Young women chainmakers
Women making small hammered chain in the chainshop of Harry Stevens in Oak Street, Old Hill, around the time of the women chainmakers’ strike of 1910.
One of a set of five celebrating the successful strike in 1910 by the women chainmakers in Cradley Heath. Produced in conjunction with Midlands TUC.
Photograph reproduced with kind permission of Dudley Archives & Local History Service.
Cradley Heath women chainmakers’ strike of 1910
“Sweated labour” was a feature of many trades at the beginning of the twentieth century. The 1909 Trade Board Act created the Chain Trade Board which set a minimum rate of pay for mainly women chainmakers working at home or small factories. Most employers resisted and used underhand methods to deny the often illiterate women workers their rights.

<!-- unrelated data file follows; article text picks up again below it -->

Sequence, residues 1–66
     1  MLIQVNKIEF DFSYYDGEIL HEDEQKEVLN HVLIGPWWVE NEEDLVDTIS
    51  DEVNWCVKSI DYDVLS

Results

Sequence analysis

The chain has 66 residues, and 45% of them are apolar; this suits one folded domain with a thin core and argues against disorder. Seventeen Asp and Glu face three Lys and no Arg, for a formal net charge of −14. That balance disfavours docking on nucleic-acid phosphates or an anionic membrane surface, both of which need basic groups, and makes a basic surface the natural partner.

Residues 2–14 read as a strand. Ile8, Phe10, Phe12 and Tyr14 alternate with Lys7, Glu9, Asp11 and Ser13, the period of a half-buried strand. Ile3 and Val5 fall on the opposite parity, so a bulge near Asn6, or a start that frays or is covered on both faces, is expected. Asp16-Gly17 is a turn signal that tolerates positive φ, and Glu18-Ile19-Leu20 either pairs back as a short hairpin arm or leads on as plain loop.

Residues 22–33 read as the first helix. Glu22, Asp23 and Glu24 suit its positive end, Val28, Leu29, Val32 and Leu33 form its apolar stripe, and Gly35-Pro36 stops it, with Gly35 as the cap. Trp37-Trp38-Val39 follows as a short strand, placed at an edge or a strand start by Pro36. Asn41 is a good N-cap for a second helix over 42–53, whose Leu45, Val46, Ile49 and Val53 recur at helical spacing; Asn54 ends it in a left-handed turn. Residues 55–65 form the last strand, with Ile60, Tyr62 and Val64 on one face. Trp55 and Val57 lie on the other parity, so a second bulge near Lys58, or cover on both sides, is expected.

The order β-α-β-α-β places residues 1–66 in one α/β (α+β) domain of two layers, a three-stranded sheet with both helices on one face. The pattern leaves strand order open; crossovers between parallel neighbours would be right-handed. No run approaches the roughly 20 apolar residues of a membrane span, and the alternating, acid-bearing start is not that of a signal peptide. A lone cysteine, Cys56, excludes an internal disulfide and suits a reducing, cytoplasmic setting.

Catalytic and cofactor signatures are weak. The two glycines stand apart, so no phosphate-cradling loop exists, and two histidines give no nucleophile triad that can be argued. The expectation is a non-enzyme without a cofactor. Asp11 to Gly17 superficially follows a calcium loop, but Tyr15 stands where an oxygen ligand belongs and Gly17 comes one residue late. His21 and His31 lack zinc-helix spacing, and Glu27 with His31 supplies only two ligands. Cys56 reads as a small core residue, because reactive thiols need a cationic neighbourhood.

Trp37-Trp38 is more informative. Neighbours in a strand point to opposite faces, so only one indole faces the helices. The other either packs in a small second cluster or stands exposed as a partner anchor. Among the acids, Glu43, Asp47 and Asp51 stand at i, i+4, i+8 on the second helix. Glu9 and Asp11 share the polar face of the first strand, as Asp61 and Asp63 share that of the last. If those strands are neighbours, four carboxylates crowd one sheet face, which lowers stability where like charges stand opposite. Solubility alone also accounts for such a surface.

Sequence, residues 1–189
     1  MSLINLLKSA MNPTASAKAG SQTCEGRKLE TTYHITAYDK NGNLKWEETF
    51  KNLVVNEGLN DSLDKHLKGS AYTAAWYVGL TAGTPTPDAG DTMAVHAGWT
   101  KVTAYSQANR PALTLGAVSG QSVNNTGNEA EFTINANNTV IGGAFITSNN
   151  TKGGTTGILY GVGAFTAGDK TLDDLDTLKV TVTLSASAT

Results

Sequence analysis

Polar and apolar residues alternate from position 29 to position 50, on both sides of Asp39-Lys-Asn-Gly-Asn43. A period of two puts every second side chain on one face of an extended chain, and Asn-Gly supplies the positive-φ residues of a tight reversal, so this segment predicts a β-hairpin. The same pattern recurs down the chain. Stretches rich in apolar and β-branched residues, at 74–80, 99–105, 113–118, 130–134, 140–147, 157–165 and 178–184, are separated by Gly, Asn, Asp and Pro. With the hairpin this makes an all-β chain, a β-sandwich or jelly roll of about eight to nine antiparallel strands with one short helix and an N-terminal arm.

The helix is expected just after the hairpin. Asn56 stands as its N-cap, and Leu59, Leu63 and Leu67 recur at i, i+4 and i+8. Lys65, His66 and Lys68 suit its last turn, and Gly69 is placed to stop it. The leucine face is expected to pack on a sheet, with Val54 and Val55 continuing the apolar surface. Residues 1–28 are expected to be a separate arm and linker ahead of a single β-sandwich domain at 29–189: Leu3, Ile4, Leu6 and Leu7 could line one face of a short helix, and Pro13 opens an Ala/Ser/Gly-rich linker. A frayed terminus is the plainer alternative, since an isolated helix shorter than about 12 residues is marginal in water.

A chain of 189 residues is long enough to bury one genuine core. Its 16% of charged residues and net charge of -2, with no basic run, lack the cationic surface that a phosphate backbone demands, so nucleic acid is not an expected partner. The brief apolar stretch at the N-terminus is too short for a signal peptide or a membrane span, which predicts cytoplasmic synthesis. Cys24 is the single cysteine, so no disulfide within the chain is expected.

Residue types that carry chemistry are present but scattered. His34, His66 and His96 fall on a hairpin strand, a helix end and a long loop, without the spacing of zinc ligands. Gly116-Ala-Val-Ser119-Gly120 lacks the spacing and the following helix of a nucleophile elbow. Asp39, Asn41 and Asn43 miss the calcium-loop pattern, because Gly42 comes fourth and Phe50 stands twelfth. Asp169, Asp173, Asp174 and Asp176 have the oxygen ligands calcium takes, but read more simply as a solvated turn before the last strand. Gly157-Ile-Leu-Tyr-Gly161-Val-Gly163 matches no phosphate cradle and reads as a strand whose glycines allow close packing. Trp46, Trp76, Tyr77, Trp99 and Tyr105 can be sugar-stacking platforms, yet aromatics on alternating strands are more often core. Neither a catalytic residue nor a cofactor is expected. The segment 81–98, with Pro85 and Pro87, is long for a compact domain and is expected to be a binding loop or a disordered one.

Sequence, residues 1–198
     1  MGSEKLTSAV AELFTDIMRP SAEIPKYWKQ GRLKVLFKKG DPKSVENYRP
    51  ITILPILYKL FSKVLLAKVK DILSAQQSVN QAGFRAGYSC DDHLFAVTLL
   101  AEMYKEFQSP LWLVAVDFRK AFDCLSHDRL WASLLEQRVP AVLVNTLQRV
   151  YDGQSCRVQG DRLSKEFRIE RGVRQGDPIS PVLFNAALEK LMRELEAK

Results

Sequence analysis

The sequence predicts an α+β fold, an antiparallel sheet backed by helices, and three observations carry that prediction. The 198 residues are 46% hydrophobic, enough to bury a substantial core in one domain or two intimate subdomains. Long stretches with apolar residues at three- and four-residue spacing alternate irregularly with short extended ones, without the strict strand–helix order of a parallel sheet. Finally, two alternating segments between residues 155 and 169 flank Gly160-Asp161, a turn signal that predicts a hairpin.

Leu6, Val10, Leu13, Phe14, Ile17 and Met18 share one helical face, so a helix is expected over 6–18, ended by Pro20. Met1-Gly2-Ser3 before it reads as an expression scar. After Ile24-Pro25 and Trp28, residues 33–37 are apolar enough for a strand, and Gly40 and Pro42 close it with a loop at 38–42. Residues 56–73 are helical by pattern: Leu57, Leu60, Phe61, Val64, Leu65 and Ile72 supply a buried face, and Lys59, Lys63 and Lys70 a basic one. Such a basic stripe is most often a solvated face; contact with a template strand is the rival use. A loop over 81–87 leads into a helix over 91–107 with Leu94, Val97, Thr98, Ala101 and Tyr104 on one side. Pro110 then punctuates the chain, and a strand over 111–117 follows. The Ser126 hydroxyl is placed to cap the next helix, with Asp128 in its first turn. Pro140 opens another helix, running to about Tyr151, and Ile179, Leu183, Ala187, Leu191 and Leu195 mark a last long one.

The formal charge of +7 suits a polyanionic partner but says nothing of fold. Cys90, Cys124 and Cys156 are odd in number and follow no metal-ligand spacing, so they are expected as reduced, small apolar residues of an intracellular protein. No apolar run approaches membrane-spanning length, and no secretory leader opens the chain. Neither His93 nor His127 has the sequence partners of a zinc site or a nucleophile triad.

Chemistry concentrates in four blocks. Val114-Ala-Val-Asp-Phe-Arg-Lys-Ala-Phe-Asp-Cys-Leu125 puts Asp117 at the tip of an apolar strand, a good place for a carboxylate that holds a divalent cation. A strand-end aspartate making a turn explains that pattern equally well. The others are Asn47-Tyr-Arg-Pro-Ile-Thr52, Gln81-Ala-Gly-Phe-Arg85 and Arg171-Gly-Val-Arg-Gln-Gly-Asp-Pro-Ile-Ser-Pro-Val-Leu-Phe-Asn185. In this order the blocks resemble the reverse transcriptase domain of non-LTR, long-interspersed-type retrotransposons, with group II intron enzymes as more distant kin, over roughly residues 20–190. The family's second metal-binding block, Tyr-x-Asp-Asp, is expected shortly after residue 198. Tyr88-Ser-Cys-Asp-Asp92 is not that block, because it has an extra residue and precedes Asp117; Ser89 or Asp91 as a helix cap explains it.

The National Federation of Women Workers called upon the women to stop work. Although most of the women who responded were members of NFWW, many were not and they and their families faced severe deprivations. The NFWW ran a successful campaign, increasing the number of women on strike, recruiting members and drawing in financial and moral support from across the country.
The strike was to have significance far beyond Cradley Heath – enforcing a national minimum wage for their trade.
"Women are unorganised because they are badly paid, and poorly paid because they are unorganised.” (Mary Macarthur)